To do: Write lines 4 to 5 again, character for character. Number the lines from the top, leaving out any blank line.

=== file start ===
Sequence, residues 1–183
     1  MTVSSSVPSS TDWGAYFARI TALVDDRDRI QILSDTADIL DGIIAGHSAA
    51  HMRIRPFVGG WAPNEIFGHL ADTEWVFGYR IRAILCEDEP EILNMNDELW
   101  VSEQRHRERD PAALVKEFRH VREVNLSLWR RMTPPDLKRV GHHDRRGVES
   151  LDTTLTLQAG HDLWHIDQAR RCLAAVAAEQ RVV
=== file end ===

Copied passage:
   101  VSEQRHRERD PAALVKEFRH VREVNLSLWR RMTPPDLKRV GHHDRRGVES
   151  LDTTLTLQAG HDLWHIDQAR RCLAAVAAEQ RVV